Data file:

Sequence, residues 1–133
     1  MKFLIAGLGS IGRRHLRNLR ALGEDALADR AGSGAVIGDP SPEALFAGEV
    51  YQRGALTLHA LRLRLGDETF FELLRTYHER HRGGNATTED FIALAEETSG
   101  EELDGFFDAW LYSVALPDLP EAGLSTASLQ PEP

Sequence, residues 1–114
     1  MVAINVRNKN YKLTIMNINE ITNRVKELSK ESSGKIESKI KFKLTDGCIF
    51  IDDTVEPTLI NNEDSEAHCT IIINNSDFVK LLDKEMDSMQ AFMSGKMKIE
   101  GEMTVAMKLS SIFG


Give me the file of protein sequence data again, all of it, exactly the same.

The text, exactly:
Sequence, residues 1–133
     1  MKFLIAGLGS IGRRHLRNLR ALGEDALADR AGSGAVIGDP SPEALFAGEV
    51  YQRGALTLHA LRLRLGDETF FELLRTYHER HRGGNATTED FIALAEETSG
   101  EELDGFFDAW LYSVALPDLP EAGLSTASLQ PEP

Sequence, residues 1–114
     1  MVAINVRNKN YKLTIMNINE ITNRVKELSK ESSGKIESKI KFKLTDGCIF
    51  IDDTVEPTLI NNEDSEAHCT IIINNSDFVK LLDKEMDSMQ AFMSGKMKIE
   101  GEMTVAMKLS SIFG